- Reviewed by David M. Kinchen
When you hire a man to kill your husband, Donna Langford reasons, you expect him to stay dead, especially after you’ve spent ten years in prison for the nasty deed.
That’s the weird beyond belief situation that drives the ninth D.I. Tom Thorne novel by Mark Billingham, “From the Dead” (Atlantic Monthly Press, 416 pages, $26.00).
Detective Inspector Tom Thorne is frustrated when a man, Adam Chambers, that he has arrested and testified against in the disappearance and presumed murder of Andrea Keane not only is acquitted but decides to attack the police in a media campaign in England, a country that is driven by perhaps the most sensational newspapers in the world.
On top of that, he learns that another case of his — the brutal murder of Alan Langford — appears to come back from the dead as he learns from young private investigator Anna Carpenter that the woman who hired a hitman to kill her husband is getting photographs of a very much alive man who appears to be her husband.
A decade ago, Alan Langford’s charred remains were discovered in his burnt-out car. His wife, Donna, was found guilty of conspiracy to murder her husband and sentenced to ten years in prison. But before she is released, Donna receives a nasty shock: an anonymous letter containing a photo of her husband. The man she hates with every fiber of her being—the man she paid to have murdered—seems very much alive and well. But how is it possible that her husband is still alive? Where is he? Who sent the photo, and why?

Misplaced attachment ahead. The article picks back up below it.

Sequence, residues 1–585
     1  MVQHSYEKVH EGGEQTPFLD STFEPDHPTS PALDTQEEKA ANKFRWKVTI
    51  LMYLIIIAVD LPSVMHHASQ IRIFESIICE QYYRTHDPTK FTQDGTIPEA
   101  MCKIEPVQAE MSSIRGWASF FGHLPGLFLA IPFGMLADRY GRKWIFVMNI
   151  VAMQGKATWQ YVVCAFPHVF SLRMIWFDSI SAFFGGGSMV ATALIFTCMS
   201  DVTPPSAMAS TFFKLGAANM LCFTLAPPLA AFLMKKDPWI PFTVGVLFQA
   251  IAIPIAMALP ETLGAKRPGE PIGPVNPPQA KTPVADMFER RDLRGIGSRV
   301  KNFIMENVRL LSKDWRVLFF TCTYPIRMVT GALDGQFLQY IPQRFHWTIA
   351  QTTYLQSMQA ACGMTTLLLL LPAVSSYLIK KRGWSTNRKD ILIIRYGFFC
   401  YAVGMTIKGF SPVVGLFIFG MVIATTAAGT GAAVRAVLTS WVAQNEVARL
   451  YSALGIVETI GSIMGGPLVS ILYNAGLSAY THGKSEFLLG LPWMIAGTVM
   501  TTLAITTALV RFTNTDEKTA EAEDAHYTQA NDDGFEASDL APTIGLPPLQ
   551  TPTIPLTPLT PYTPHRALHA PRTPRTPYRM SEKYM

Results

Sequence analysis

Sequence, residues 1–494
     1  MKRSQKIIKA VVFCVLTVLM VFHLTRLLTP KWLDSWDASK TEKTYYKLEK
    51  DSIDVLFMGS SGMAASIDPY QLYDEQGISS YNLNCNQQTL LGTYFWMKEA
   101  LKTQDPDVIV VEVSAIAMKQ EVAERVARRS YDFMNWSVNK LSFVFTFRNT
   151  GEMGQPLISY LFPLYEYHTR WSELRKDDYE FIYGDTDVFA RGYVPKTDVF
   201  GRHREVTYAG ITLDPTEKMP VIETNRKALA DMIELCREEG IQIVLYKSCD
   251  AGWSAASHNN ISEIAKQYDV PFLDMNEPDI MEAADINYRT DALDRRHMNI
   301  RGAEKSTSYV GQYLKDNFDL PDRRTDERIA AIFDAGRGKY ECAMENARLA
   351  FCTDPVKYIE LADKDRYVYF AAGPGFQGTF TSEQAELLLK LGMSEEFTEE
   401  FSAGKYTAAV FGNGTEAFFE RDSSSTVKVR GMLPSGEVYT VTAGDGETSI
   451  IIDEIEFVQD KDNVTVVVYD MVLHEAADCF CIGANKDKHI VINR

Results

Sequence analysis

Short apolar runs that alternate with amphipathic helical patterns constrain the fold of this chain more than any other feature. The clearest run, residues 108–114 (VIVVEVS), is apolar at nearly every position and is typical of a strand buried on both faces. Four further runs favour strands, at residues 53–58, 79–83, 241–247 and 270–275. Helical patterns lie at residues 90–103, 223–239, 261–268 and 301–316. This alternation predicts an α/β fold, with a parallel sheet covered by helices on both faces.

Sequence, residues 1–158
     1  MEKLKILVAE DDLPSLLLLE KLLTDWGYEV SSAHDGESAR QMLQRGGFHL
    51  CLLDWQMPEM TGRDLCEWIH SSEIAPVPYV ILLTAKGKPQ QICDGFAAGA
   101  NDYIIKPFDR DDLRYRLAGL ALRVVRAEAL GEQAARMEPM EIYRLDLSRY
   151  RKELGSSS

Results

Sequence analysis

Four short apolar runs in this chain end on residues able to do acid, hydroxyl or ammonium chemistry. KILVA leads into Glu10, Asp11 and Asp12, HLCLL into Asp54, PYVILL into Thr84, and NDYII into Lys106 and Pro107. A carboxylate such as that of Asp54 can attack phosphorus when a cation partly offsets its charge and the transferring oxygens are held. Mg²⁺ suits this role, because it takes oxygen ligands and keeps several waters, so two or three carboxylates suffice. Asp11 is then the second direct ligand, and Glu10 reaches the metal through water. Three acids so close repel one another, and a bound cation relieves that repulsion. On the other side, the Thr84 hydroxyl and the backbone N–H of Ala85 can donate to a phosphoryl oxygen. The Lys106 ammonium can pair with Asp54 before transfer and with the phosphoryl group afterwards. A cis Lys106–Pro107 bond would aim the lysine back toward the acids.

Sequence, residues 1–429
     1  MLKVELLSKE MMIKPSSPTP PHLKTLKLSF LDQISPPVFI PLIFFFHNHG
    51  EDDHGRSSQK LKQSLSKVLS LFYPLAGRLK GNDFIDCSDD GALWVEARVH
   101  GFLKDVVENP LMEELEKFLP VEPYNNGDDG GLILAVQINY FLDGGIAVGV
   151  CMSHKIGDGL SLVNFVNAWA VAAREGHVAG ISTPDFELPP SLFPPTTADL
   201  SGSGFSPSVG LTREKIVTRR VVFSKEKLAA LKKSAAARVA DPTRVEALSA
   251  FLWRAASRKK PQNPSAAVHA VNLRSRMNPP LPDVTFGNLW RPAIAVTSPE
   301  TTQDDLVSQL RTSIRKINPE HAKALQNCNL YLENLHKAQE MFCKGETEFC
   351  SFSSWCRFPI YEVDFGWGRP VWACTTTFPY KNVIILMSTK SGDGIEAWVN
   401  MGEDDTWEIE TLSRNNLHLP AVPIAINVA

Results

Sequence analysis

“From the Dead” is not for the faint of heart: The opening describes in gruesome detail how two men handcuff a third man to the steering wheel of Jaguar and set the vehicle on fire.
Donna Langford hires Anna to find out who is sending her the photos of a tanned man who appears to be her husband. He appears to be living on the Costa del Sol of Spain, a popular place for Brits who want to live in a sunny climate.
Anna gets in touch with D.I. Thorne and they work together to discover if Langford is still alive, and if not, who became a crispy critter in the Jag. The bodies start piling up, including the still imprisoned hitman, in a novel that reveals the dark side of human nature. I’m not going to say more, since much of the book constitutes a big spoiler. OK, I’ll say one thing. The frustrating case of Adam Chambers is resolved at the end.
About the Author
Mark Billingham is one of England’s best known and top-selling crime writers. He has twice won the Theakston’s Old Peculier Award for Best Crime Novel and has also won a Sherlock Award for the Best Detective created by a British writer. Billingham lives in North London with his wife and two children. His website: www.markbillingham.com
Publisher’s website: www.groveatlantic.com